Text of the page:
Alllla’ these motherfuckers bleating about the white working class, white men, working men, poor poor real white American working class men: shut up, shut the fuck up.
I’ve got nothing against white working class men—my dad was a white working class man! my brother! my brother-in-law! my neighbors and almost everyone I knew growing up! all white! almost all working class!—but I am sorely tried by all of these commentators telling ME that I need to be kinder, gentler, toward those poor poor real white American working class men.
It is fucking condescending.
I totally (well, maybe not totally, totally, but substantially?) understand why black people are tired of being told that they need to set aside their concerns for their own survival and focus on those PPRWAWCM; such counsel is white power in action.
But it’s also more than that: it’s a way for the non-working class white folks—men, let’s be honest, men—to demonstrate once again their superiority over every fuckin’ one.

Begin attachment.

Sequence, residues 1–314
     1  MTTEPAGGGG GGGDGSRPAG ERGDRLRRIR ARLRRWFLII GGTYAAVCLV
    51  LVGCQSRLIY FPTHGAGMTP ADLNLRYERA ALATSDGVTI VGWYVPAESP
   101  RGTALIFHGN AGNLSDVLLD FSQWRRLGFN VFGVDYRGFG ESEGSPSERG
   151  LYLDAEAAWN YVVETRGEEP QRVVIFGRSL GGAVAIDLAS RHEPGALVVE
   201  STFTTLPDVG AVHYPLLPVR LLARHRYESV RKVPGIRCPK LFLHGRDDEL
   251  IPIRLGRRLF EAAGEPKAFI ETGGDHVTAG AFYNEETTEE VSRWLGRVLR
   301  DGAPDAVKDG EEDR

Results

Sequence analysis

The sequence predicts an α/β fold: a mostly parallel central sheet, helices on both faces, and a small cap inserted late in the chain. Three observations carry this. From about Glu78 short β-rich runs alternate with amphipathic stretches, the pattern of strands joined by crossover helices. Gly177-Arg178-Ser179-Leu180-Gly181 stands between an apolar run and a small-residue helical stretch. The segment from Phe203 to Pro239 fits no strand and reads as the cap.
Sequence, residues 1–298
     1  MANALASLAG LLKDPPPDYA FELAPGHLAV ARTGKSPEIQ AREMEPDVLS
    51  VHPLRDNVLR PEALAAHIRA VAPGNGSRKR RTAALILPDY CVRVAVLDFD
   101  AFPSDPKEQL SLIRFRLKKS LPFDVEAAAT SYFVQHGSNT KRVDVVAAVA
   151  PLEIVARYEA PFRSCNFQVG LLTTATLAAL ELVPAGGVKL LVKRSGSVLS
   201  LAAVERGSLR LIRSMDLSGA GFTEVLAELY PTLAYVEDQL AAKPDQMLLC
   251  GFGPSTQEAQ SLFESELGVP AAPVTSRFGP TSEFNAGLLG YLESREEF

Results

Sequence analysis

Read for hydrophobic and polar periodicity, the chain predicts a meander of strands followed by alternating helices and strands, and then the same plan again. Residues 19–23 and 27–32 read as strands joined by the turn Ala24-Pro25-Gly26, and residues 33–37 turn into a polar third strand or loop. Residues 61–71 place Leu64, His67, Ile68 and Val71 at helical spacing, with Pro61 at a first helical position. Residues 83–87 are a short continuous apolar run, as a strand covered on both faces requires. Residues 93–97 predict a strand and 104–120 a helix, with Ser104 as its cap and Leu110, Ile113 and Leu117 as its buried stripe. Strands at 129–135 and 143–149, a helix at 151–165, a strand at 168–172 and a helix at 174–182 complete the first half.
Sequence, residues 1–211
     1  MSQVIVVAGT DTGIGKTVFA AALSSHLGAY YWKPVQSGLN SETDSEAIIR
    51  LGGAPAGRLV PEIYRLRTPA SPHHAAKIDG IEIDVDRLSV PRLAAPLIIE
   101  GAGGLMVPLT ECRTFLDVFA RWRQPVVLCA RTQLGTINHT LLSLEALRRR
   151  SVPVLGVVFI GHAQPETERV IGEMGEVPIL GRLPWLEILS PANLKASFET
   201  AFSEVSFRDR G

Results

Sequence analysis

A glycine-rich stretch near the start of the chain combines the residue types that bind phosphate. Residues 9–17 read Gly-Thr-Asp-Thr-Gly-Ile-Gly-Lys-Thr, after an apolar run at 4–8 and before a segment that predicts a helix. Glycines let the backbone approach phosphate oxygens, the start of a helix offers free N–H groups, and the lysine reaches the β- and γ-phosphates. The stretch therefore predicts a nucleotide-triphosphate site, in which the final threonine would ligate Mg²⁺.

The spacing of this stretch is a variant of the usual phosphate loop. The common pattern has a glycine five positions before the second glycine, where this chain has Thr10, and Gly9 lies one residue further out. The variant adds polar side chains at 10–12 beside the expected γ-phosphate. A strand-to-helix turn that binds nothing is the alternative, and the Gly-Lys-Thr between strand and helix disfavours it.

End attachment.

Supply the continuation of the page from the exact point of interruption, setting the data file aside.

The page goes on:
Barack Obama was scalded for talk of bitter rural folks clinging to guns and religion and Hillary Clinton raked for drop-kicking some portion of the population into the basket of deplorables, but give some white dude a coupla’ column inches in the Times or Wall Street Journal and he’ll be lauded for his perspicacity in writing the exact same goddamned things.
Economic anxiety and fear and opioids and a disintegration of the American Dream and all are wrapped up in the soothing murmurs of I see, I see, as these pundits metaphorically pat their subjects on the head and assure them that It’s completely understandable they would feel this way.
This is, in the words of former Bush speechwriter Michael Gerson, the soft bigotry of low expectations.
Y’know all those working class men I mentioned, above? They weren’t all racists. My parents, with their high school educations, somehow managed to teach all three of their children that racism was bad, that it was bad to be racist.
Were/are my parents prejudiced? Sure. But they didn’t and don’t think that indulging that prejudice was anything that decent people did.
They didn’t expect any of us to be perfect, but they did expect us to be better.